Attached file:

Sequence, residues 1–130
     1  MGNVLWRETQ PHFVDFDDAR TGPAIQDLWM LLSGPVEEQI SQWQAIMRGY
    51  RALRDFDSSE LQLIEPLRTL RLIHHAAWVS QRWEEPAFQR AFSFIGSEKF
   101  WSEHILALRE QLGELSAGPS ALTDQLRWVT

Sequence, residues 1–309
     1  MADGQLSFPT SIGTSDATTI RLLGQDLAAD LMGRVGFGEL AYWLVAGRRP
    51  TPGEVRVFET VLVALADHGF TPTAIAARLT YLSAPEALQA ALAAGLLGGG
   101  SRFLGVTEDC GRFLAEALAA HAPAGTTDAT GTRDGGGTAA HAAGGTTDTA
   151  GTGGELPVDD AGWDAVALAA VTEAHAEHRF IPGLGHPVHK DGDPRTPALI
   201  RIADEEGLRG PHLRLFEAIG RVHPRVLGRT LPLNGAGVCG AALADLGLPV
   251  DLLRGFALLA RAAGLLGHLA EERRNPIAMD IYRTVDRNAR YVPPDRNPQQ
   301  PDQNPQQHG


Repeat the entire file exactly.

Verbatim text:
Sequence, residues 1–130
     1  MGNVLWRETQ PHFVDFDDAR TGPAIQDLWM LLSGPVEEQI SQWQAIMRGY
    51  RALRDFDSSE LQLIEPLRTL RLIHHAAWVS QRWEEPAFQR AFSFIGSEKF
   101  WSEHILALRE QLGELSAGPS ALTDQLRWVT

Sequence, residues 1–309
     1  MADGQLSFPT SIGTSDATTI RLLGQDLAAD LMGRVGFGEL AYWLVAGRRP
    51  TPGEVRVFET VLVALADHGF TPTAIAARLT YLSAPEALQA ALAAGLLGGG
   101  SRFLGVTEDC GRFLAEALAA HAPAGTTDAT GTRDGGGTAA HAAGGTTDTA
   151  GTGGELPVDD AGWDAVALAA VTEAHAEHRF IPGLGHPVHK DGDPRTPALI
   201  RIADEEGLRG PHLRLFEAIG RVHPRVLGRT LPLNGAGVCG AALADLGLPV
   251  DLLRGFALLA RAAGLLGHLA EERRNPIAMD IYRTVDRNAR YVPPDRNPQQ
   301  PDQNPQQHG